U.S officials cite the resumption of the peace process as their casus belli. George Mitchell, arrived in the region last Thursday on his fifth tour this year. But the outcome counterproductively boiled down to strengthening the hands of the forces of the opposing camp, namely the Netanyahu government and Hamas, who came out winners, and weakening to the breaking point the pro-U.S. and pro-peace forces, in particular Abbas and his autonomous PA, the only looser.
Coming on the backdrop of the U.S. "intense diplomacy," which similarly brought Abbas to New York for a summit meeting with Netanyahu and Obama on September 22 against his will and his proclaimed demand for freezing Israel's Jewish settlement expansion in the West Bank as a precondition for any meetings with Netanyahu, which also had lost Abbas "a lot of credibility with the Palestinian people" (according to Hanan Ashrawi, member of the Abbas - led executive committee of the Palestine Liberation Organization - PLO), the Obama Administration while acting as the proxy for Israel on Goldstone report has devastated whatever remained of his credibility.
Let alone Hamas, the deferral of the HRC vote on the report has created a palace revolt against Abbas. ABC on October 6 reported he "is in dire political trouble. The U.S. ally is being accused by Palestinians of colluding with Israel and the United States." His veteran coalition partners of the PLO factions have condemned the move as a moral, national and political "crime."
His government of Premier Salam Fayyad said in a statement Monday that, "We mustn't give up the opportunity to go after those who committed war crimes during Israel's attack on the Gaza Strip." Fayyad rejected a resignation in protest by his economy minister Basem Khoury, an independent Christian businessman. His mainstream Fatah movement was divided between those who condemned the move and those who justified it but nonetheless considered it a mistake that must be undone. Many Fatah leaders held Abbas personally responsible. Fourteen Palestinian human and civil rights NGOs joined the protest, demonstrated and expressed their bitter feelings of betrayal of their nine - month old efforts. Palestinian Diaspora were more free to raise hell over his "national treason;" the council of Palestinian organizations in Europe called on Abbas to step down.
Vocal voices called for his resignation. Other voices called for the dissolution of the PA. For the first time in history, an Israeli Palestinian political party (Balad, led by Jamal Zahalka, an MP) called for the immediate dismissal of Mahmoud Abbas. In Beirut's Daily Star, Rami Khouri wrote: "Abbas caved in to US pressure, making it clear that he was more concerned about his relations with Washington than relations with, well, his own people." Abbas' statement that Arab states were aware of his move in Geneva drew a backlash from a major "peace partner" like Egypt, whose foreign minister, Ahmed Abu el-Gheit, had no waste of time in confirming that his country had no knowledge beforehand of the Palestinian decision. Squeezed into a corner, the Abbas presidency finally had to admit on record that the Palestinian leadership was "mistaken," according to the spokesman of the PLO's executive committee, Yasser Abed Rabbo, and chief negotiator, Saeb Erekat. The "investigation committee" ordered by Abbas to determine who was responsible for his own decision to defer the HRC voting on the report to next March highlighted only the credibility debacle he is facing now. His decision to redress the "mistake' and again approach the UNHRC for an emergency session to vote on the report has only complicated this debacle further, positioning him on a collision course with the U.S. and making Mitchell's mission to make progress toward resuming Palestinian - Israeli talks more unlikely.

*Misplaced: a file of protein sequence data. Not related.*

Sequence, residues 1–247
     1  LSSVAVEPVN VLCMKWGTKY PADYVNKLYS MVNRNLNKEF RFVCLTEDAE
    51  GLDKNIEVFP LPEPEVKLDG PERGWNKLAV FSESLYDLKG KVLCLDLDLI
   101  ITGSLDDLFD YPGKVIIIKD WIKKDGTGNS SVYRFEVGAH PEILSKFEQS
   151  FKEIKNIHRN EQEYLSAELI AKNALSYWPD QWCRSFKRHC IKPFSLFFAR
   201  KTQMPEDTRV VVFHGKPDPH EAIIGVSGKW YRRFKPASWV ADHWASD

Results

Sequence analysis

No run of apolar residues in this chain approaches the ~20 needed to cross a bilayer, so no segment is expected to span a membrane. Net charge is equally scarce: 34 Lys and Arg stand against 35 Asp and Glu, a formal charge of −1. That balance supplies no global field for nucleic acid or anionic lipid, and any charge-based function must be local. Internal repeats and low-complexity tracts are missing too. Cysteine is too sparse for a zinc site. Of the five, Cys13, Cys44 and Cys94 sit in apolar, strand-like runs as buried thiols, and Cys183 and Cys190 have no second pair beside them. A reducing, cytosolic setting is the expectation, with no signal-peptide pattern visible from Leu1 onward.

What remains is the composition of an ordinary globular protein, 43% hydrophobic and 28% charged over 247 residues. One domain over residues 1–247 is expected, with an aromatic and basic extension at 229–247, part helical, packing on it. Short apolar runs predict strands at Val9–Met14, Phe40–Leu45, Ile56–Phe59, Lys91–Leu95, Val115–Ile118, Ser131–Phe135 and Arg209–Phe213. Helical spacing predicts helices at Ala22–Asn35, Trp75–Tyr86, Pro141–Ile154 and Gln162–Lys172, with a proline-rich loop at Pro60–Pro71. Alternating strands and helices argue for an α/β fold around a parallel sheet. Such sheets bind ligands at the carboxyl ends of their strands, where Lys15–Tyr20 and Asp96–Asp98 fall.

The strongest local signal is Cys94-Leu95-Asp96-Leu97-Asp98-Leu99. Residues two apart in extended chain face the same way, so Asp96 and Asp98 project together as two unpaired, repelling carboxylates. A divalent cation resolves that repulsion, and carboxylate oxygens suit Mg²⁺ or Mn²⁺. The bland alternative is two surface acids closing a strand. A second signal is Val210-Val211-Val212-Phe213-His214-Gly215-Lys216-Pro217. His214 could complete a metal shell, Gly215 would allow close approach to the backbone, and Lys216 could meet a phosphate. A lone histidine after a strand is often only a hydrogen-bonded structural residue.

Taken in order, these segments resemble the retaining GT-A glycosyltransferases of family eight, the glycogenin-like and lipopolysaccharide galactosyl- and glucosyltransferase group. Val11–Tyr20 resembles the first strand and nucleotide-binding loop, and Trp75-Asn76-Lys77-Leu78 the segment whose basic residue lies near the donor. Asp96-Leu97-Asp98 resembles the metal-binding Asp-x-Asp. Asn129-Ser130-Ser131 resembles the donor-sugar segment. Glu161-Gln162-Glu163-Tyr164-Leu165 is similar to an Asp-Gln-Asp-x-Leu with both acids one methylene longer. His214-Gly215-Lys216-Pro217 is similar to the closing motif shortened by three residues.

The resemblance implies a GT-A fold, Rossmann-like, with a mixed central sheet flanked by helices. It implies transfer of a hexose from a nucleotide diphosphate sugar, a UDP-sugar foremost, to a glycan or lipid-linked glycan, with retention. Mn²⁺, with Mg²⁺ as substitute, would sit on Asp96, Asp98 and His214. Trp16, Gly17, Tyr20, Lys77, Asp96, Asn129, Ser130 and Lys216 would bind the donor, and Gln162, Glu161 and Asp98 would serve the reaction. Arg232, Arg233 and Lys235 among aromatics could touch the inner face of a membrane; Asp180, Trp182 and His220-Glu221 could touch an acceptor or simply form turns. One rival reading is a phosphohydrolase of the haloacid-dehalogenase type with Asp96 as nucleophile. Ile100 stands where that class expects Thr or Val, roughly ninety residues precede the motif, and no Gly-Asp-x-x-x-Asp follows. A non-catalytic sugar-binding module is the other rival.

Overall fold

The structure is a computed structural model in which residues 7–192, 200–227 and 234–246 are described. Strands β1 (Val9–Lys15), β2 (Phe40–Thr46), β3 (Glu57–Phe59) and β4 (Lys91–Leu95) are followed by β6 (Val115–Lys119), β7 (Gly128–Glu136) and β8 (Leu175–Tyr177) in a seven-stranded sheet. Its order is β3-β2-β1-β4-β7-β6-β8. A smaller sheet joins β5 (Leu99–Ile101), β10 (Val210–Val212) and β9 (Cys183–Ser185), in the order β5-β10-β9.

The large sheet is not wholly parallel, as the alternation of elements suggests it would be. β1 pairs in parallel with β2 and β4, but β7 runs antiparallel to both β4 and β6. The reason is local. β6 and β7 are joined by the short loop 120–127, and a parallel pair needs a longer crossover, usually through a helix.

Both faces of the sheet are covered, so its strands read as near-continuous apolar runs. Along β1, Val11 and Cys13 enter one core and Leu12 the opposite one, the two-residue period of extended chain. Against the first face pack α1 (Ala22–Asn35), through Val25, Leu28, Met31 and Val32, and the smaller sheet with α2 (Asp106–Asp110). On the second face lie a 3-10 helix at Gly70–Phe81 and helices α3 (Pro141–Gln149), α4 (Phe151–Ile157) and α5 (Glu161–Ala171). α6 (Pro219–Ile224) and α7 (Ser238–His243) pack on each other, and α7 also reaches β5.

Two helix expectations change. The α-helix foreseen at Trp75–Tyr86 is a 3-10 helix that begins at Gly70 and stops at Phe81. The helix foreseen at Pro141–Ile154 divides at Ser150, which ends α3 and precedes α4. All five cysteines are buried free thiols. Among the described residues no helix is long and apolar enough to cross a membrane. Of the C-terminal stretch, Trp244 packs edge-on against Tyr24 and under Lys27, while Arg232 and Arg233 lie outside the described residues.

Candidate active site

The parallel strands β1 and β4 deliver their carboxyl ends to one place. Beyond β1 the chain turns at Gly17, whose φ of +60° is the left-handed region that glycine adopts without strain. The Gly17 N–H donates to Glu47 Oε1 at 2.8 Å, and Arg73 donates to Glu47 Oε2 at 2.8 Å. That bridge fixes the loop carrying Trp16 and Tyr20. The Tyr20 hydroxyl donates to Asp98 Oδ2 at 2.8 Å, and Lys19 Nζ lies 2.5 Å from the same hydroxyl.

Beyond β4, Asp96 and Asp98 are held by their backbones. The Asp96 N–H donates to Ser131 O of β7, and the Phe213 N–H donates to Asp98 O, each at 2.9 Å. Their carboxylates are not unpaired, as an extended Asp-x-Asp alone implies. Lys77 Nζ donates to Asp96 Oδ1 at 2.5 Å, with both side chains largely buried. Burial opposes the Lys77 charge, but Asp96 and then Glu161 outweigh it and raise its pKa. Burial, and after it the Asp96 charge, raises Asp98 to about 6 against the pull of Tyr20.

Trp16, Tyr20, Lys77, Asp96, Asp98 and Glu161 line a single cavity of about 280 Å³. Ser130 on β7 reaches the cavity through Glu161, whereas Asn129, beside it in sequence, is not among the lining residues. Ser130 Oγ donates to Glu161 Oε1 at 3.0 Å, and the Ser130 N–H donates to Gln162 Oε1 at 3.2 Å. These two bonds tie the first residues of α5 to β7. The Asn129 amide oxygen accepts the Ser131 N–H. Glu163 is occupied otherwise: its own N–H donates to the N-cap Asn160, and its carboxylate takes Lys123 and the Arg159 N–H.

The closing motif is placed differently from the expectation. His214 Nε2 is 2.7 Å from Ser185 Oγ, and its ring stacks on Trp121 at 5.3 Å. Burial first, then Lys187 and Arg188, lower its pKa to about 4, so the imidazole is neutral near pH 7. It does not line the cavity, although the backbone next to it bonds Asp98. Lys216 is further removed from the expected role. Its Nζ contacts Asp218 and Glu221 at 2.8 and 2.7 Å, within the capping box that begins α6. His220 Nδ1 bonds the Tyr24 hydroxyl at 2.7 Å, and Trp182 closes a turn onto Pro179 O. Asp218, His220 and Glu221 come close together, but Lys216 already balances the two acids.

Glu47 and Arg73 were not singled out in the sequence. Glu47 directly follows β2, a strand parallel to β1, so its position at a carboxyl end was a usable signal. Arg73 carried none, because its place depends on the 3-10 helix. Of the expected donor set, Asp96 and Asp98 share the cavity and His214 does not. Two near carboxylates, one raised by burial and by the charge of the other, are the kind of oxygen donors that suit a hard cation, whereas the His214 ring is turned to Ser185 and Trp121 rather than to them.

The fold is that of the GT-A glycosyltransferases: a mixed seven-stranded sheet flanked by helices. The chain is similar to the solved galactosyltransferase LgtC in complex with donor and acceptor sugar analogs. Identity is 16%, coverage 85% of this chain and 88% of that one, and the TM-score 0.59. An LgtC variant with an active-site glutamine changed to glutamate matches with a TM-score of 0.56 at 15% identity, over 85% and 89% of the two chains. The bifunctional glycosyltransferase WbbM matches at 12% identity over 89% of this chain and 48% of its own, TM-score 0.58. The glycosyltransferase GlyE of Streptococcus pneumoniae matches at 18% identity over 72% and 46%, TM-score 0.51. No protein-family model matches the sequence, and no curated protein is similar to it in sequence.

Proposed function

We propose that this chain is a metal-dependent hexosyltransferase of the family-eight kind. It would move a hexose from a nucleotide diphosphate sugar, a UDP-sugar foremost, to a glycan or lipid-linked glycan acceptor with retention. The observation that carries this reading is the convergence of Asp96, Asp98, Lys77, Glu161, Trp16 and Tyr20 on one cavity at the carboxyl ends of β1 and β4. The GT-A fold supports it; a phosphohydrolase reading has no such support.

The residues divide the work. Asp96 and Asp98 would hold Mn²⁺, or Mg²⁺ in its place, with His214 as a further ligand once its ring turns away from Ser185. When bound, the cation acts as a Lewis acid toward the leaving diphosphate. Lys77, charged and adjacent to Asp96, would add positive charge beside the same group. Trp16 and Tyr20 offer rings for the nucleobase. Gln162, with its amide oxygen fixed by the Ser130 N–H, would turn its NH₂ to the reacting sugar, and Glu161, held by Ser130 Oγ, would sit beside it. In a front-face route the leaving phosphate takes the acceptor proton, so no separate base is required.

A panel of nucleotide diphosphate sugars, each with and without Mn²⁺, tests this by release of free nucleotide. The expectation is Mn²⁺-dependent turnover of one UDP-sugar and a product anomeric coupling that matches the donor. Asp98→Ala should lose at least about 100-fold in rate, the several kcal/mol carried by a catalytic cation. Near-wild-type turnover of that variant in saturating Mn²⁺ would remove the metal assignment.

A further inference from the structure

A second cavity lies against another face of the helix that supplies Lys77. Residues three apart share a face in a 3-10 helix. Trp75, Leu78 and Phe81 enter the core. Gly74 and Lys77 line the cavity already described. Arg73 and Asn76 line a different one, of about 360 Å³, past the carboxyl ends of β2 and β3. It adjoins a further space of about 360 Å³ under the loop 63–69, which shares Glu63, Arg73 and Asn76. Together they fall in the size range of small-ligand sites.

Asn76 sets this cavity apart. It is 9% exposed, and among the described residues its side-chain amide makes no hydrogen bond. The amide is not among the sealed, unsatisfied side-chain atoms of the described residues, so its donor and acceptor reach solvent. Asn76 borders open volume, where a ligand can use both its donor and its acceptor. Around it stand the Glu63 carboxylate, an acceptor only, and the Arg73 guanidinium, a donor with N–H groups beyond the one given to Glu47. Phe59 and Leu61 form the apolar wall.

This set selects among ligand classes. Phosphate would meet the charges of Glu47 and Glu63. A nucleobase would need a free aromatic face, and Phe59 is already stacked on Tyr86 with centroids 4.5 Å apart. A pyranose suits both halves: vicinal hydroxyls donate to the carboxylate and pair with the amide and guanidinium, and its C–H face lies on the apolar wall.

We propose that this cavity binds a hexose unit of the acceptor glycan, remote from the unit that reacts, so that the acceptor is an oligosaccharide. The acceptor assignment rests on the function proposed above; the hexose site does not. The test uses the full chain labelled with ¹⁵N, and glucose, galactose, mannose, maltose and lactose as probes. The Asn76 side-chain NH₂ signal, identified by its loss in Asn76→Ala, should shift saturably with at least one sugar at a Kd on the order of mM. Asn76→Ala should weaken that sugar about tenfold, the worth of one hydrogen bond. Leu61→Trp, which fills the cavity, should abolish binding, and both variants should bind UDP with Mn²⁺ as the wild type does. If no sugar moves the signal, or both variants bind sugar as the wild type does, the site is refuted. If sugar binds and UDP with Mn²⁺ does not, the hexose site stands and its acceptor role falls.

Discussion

Abbas' internal and external politics were in no less disarray than U.S. politics. Sending George Mitchell on his fifth trip to the region this year would neither contain the damage nor would it revive a good faith for resuming the peace process whose momentum has been defused by the fallout from Goldstone report's diplomatic controversy. The inter - Palestinian reconciliation efforts sponsored by Egypt, which is an indispensible precondition for a successful resumption of peace talks, received a blow that might prove fatal; Cairo reportedly received a request to postpone the October 26 deadline for signing the Palestinian accord agreement. Obama came out a looser with both Israelis and Palestinians: Israeli Ambassador to the United States Michael Oren said on October 8 that in Israeli polls, Obama is scoring the lowest ever; a survey published last month by the International Peace Institute, headed by Terje Larsen, the former UN envoy to the region, has found that the U.S. has 80 percent unfavorable rating from the Palestinians, 70 percent do not support Obama and 56 percent do not expect him to achieve progress in the "peace process." Obama who has just prematurely won the Nobel prize for peace and was recently applauded for announcing a more cooperative approach to the United Nations has shot himself in the legs by recurring to the traditional U.S. threat of "vetoing" the world community. Similarly his pronounced intention of a turnabout in U.S. approach to human rights, symbolized by his decision to close the Guantanamo detention center, has antagonized the world human rights community, first by ignoring more than 300 American civil organizations grouped in the coalition of The US Campaign to End the Israeli Occupation, which urged his administration to vote in favor of Goldstone's report in an open letter signed by more than 150 organizations, and second by ignoring a similar plea by a world community of more than 300 organizations. The weaker and less credible Abbas and Obama are perceived, and the stronger Netanyahu becomes, the less credible any efforts for peace making will look, and vice versa.
Palestinian consensus on condemnation has created a volatile environment of insecurity for Abbas. An ongoing personality assassination process has put his personal safety in jeopardy. In the behind the scenes intrigues of the Middle East politics, he might pay with his life for rubber - stamping U.S. advice, to be the second potential victim after late Palestinian leader Yasser Arafat for "putting all their eggs in U.S. basket."